New Braunfels Herald Zeitung (Newspaper) - April 17, 2005, New Braunfels, Texas
Page 4A — Herald-Zeitung — Sunday, April 17, 2005
Serving New Braunfels and Comal County since 1852.
New Braunfels Zeitung was founded 1852; New Braunfels Herald was founded 1890. The two papers merged in 1957 and printed in both German and English until 1958
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Gary E. Maitland
Editor and Publisher
Drugs are a problem we must face together
Drugs arent a I police problem, I they're a commu nity problem. If I the community I wants to address I it, people need to \ admit there's a problem.
'es, it can happen here. Not everybody seems to know, but there’s a pretty serious drug problem in New Braunfels.
As evidence of that, local law enforcement officials can point to half a dozen overdose deaths and dozens of felony drug arrests over the past year.
Is that a lot for a community* this size? Probably not. Police feel they are only scratching the surface of the problem.
Its very difficult for a cop to get very close to a drug deader because criminals don't like to deal with outsiders.
But drugs aren't a police problem, they’re a community problem. If the community wants to address it, people need to admit theres a problem — and take personal steps to help solve it.
A story in today s Herald-Zeitung will give you some ideas of what to look for and who to call.
An undercover narcotics investigator will tell you to watch your kids — and don’t be bashful about going through their rooms and their things to see what they’re up to when you’re not watching.
If you find anything suspicious, call a counselor or call the cops.
Because while you sit around trying to decide what to do, that problem is getting bigger. It won’t go away without intervention.
The story will also give you a couple of ideas that can help you identify drug dealers in your neighborhood. If you know any or even suspect them, call the New Braunfels /Comal County Crime Stoppers at (830) 620-TIPS (8477) or (800) 640-8422. The police will not have to know your name, and if charges are filed, you can get a reward for doing the community a service.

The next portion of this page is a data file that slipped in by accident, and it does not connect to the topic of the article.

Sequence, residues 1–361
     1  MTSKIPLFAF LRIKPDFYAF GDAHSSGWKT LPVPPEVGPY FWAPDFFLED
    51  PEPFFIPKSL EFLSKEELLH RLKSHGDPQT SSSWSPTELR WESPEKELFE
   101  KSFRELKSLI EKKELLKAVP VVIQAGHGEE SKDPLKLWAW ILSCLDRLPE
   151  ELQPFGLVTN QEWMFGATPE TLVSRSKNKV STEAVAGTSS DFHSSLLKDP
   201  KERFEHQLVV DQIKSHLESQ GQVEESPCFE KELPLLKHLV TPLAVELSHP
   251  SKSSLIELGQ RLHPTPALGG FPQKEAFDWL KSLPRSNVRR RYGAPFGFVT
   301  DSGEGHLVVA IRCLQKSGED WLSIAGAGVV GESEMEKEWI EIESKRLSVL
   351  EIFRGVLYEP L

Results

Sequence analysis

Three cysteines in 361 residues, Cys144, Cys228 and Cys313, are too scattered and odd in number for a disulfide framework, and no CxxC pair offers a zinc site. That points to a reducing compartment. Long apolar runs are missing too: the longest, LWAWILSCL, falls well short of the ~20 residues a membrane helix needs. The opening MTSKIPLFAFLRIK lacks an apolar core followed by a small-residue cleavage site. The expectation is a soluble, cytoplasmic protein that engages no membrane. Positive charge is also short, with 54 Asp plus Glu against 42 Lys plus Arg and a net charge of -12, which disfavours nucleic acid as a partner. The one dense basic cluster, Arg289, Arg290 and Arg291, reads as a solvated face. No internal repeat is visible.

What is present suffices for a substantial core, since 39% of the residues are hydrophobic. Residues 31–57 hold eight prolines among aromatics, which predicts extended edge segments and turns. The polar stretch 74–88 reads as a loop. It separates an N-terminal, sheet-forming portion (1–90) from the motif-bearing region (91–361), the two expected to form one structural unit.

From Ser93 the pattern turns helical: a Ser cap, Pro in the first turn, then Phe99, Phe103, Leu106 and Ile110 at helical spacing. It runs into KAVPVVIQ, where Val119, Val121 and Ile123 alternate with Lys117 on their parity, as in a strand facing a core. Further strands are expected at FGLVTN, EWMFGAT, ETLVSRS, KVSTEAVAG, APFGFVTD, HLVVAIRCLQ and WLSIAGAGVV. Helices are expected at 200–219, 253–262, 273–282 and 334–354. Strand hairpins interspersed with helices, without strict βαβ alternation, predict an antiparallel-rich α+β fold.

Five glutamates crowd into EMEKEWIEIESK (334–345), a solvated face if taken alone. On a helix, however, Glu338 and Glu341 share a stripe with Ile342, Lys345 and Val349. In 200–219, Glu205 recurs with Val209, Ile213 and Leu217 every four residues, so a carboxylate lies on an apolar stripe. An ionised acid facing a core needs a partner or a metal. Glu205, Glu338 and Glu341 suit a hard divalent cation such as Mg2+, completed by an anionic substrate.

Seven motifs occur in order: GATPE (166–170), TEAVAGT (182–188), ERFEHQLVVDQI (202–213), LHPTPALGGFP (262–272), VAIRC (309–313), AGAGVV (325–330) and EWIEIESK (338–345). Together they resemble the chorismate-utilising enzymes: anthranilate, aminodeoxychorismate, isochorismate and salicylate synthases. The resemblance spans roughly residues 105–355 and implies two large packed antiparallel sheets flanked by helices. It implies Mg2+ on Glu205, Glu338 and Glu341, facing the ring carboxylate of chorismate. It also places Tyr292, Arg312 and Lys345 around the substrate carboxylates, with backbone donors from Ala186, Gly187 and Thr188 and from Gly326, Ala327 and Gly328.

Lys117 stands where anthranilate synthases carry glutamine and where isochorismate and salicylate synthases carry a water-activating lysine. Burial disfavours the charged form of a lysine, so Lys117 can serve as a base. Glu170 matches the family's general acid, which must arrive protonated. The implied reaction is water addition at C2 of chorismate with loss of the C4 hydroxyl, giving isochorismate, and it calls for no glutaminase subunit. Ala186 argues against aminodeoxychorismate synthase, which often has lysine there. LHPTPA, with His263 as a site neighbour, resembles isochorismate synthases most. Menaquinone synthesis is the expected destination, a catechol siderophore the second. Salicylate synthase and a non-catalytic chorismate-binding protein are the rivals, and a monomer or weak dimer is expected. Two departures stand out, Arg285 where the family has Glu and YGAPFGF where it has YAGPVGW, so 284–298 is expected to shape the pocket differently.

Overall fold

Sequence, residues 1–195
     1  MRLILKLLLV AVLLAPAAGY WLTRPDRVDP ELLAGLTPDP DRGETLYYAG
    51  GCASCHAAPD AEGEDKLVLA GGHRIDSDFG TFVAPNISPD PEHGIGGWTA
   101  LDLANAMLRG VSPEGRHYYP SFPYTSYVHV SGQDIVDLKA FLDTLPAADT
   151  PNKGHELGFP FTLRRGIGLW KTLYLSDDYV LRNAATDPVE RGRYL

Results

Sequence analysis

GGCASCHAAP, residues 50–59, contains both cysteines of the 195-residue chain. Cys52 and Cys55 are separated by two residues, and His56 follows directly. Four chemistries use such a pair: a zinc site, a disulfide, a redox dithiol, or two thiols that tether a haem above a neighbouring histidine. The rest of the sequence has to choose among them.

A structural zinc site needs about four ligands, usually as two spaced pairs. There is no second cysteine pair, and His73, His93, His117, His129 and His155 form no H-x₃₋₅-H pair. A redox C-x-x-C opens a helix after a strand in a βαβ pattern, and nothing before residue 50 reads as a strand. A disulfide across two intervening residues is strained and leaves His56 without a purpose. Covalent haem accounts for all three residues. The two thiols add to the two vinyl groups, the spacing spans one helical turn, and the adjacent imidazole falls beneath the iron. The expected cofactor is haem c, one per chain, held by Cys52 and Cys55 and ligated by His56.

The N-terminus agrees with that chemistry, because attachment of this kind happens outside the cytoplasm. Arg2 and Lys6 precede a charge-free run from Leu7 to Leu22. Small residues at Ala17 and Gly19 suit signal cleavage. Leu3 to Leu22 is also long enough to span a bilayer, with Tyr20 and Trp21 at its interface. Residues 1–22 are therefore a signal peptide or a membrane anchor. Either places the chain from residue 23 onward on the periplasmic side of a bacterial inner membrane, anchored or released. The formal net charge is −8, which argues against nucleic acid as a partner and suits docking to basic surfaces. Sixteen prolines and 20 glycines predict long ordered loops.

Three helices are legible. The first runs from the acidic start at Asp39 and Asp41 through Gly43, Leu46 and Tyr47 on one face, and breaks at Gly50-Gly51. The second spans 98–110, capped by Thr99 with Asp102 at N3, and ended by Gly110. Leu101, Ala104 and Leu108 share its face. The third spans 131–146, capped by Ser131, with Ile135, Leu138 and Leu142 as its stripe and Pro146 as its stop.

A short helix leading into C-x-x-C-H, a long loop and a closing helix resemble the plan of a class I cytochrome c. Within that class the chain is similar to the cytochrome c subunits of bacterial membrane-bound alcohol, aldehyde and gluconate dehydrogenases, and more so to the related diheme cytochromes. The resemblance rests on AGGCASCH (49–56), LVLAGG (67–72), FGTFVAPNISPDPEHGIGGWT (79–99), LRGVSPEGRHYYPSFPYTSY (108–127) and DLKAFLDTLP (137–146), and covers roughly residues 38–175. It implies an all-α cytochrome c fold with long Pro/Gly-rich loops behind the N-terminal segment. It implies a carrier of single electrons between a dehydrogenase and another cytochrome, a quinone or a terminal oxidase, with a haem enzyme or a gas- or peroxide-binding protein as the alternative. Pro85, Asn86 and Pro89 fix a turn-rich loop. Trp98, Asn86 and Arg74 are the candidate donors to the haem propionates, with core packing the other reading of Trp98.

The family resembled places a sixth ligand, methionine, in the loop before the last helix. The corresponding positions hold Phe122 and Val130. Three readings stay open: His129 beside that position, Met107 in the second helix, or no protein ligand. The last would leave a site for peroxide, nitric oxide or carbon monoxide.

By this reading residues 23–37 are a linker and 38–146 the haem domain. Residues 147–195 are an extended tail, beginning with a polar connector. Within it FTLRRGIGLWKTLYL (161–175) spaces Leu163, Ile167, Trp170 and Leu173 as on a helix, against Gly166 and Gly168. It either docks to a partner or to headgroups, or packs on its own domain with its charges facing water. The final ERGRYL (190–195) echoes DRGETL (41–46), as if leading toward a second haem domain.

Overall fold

Today in History
By The Associated Press
Today is Sunday, April 17, the 107th day of 2005. There are 258 days left in the year.
Today’s Highlight in History:
On April 17,1961, about 1,500 CIA-trained Cuban exiles launched the disastrous Bay of Pigs invasion in a failed attempt to overthrow the government of Fidel Castro.
On this date:
In 1521, Martin Luther went before the Diet of Worms to face charges stemming from his religious writings.
In 1524, Giovanni da Verrazano reached present-day New York harbor.
In 1790, American statesman Benjamin Franklin died in Philadelphia at age 84.
In 1861, the Virginia State Convention voted to secede from the Union.
In 1941, Yugoslavia surrendered to Germany in Worldwar II.
In 1964, Ford Motor Co. unveiled its new “Mustang” model at the New York World’s Fair.
In 1969, a jury in Los Angeles convicted Sirhan Sirhan of assassinating Sen. Robert F. Kennedy.
In 1970, the astronauts of Apollo 13 splashed down safely in the Pacific, four days after a ruptured oxygen tank crippled their spacecraft.
In 1975, Phnom Penh fell to Communist insurgents, ending Cambodia’s five-year war.
Guidelines for election-related submissions
■ During the campaign period leading up to the May 7 elections, the Herald-Zeitung will accept letters to the editor and guest columns that deal with issues that are important to readers and citizens.
■ The newspaper will not run any letters or columns that endorse any candidate in any of the elections.
■ The cut-off date for receiving any election-related letters or guest columns is 5 p.m. Friday, April 29. No letters or columns received after this deadline will be published.
Letters to the Editor
The only service Rose Cervin can provide is to resign now
As a 20-year resident of District 5 in Comal ISD, I am gravely disappointed in the actions of Trustee Rose Cervin.
On March 7, her constituents invited her to a public meeting to express our concerns; she refused to attend. On March IO, school board President Dan Krueger attempted to present her with a written list or our concerns; she refused to attend the meeting.